Kan was a cofounder of Justin.tv, which became Twitch as well as Socialcam. He later had an on-demand company called Exec and previously a calendar app called Kiko, both of which sold for small amounts. Most recently, he took a big shot at the traditional legal industry with Atrium, a law firm and legal software startup that raised big rounds of funding before shuttering earlier this year.
His prototype for Goat is Alto Pharmacy, a booming digital health unicorn today that the founders started in his living room.
“We do think founders should be treated like athletes, going for gold really hard… the Olympic metaphor,” Kan qualifies about the name. “That means grinding for years — and having to rest, too. I’m very passionate about mental health and wellness as part of the journey.” (More on that here.)
Chan, meanwhile, sold his gaming startup in China to Zynga a decade ago, then helped lead a failed attempt to buy Blackberry before founding Operator, a well-funded ecommerce company that closed a few years ago. During the pandemic, he helped create Operation Masks, a nonprofit that has been providing PPE across the US. He’s also an ongoing advisor to Sleeper, Bird, Expa and Flipboard.
The focus will be fully global now. Chan explains that even though you’re seeing more challenges to building a truly global company these days, there’s more space for local startups to win big.
“There’s the US internet, the China internet, the India internet, the EU internet — in some ways it makes those markets more valuable to win, like traditional media. Broadcast and cable are highly geographic but the franchise value becomes higher because of the regulatory moat.”
Chan, on that note, met Kan back when he was a director at [current TechCrunch owner] Verizon Wireless, when Justin.tv was trying to negotiate for free data. When I asked if they had worked out a deal during a phone interview, Kan said “you [expletive] didn’t.”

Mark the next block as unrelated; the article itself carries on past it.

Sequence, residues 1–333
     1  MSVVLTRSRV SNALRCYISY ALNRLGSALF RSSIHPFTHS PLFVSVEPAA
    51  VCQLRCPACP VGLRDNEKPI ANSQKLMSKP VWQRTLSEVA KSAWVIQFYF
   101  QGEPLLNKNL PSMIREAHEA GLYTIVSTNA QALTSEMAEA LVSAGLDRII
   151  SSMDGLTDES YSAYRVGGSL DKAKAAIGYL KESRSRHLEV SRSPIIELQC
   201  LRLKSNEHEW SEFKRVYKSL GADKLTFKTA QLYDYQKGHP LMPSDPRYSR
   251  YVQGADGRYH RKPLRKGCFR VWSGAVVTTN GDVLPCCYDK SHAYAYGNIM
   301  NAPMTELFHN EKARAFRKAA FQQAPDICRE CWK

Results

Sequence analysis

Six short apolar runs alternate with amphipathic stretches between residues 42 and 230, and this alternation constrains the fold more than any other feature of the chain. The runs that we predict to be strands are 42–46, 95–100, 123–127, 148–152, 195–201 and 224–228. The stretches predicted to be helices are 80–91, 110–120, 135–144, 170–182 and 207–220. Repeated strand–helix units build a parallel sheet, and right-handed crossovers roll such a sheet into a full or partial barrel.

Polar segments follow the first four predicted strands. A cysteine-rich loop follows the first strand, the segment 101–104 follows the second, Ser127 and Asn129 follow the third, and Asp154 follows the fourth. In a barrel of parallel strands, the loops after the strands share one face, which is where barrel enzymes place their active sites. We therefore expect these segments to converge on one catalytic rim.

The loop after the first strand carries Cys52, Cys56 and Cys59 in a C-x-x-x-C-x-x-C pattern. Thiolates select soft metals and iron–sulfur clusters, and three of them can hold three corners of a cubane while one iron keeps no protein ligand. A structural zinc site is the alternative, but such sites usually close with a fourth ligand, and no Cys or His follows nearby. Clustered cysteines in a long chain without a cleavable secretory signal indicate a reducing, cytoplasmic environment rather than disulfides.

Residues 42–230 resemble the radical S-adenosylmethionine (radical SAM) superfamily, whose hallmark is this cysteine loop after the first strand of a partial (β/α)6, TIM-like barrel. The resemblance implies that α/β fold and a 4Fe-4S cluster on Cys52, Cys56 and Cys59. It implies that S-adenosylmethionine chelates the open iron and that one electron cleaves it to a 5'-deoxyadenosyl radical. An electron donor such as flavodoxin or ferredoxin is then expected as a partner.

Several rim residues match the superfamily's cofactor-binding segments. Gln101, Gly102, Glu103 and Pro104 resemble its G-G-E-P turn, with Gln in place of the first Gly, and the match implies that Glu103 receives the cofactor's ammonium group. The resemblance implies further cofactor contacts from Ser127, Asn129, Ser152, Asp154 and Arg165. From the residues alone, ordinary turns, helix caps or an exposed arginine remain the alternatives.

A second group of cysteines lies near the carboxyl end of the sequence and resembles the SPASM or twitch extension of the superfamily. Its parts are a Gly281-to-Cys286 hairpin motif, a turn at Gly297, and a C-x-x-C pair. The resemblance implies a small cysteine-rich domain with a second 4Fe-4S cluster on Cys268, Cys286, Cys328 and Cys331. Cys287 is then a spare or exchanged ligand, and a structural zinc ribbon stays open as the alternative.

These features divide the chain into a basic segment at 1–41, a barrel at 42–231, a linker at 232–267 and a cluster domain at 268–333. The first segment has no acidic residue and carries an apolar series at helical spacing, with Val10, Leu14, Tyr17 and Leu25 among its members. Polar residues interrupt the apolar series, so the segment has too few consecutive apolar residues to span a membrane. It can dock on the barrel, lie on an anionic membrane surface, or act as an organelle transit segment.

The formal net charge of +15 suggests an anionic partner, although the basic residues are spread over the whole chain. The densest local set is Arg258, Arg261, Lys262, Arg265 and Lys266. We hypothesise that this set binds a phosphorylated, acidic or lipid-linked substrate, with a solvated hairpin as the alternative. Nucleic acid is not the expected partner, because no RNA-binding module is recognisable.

But it did lead to other co-investments later on, including Ramp, Workstream and others, and now this fund.
Today, Kan says that the focus on teams will be as flexible as the times. “When we started, the internet was America,” he says. “If you weren’t there, you weren’t a company. It’s been a complete reversal of that. Now teams are international, talent is international, more and more companies are building remote first — although you’d seen that before given the costs of the Bay. We have an entirely remote company in North Carolina, Grammarly in Europe… it’s more and more the norm. Smart founders are going anywhere to find talent.
For the two partners, this new fund will be about staying connected to that certain startup feeling that is elusive for anyone trying to build something great.
“There’s nothing more magical than being in the first step of a special company,” Chan says. “That glimpse of the future. We wouldn’t get the same feeling at the growth stage versus working with small teams or a single founder. I think we have the instinct.”
I'm starting a mobile app company. I explained more in a pervious post to r/startups but I won't reiterate.
Here are my goals of things I need to setup before actual development can take place:
- Purchase domain for company
- Purchase G Suite so I have a company email
- Submit paperwork for LLC
- Use the company email to register for Android/iOS publisher licenses
- I have my personal iOS license which I think I will cancel if I'm only publishing under the new company.
So that's basically the path I'm going to take. I assume it's right to make any developer account under the newly created business email. Am I missing anything there?
I have access to a Windows and Mac computer, but the Mac one is pretty outdated. I also have an Android and iOS phone, because I've been publishing apps for the past few years. But eventually I need to get a Mac and make it my main development computer. Which model would be best for this? Should I wait for ARM?